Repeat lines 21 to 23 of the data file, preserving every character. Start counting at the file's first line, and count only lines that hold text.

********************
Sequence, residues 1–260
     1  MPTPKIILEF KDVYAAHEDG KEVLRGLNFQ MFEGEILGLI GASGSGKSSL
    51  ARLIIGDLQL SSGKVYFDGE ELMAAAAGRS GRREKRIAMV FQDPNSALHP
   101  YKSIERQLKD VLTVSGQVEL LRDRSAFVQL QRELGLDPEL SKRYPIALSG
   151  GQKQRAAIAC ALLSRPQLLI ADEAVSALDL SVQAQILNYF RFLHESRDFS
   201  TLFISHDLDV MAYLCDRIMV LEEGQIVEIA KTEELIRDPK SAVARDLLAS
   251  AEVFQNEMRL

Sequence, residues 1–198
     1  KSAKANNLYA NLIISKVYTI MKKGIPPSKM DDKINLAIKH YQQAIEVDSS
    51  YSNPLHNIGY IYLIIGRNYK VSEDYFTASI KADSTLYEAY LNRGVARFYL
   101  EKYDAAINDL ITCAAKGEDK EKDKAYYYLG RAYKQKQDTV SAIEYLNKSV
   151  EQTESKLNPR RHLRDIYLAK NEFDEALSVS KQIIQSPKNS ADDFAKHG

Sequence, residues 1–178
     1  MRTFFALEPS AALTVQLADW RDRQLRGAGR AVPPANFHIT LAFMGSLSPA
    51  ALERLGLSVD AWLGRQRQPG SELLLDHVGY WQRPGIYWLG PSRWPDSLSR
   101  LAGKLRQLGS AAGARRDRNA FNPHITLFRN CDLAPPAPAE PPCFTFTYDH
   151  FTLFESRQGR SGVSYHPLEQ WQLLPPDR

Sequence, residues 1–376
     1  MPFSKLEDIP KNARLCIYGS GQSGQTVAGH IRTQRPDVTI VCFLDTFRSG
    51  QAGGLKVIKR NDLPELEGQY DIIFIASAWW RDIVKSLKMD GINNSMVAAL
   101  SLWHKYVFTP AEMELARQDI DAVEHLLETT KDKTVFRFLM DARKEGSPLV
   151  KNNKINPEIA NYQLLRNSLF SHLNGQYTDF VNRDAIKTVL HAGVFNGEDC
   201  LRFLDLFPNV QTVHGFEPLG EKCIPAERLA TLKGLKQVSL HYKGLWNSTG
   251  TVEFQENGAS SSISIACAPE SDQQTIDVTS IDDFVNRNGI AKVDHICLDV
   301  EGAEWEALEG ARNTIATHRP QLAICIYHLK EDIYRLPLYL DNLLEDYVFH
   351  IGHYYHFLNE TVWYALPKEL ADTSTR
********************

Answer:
   101  SLWHKYVFTP AEMELARQDI DAVEHLLETT KDKTVFRFLM DARKEGSPLV
   151  KNNKINPEIA NYQLLRNSLF SHLNGQYTDF VNRDAIKTVL HAGVFNGEDC
   201  LRFLDLFPNV QTVHGFEPLG EKCIPAERLA TLKGLKQVSL HYKGLWNSTG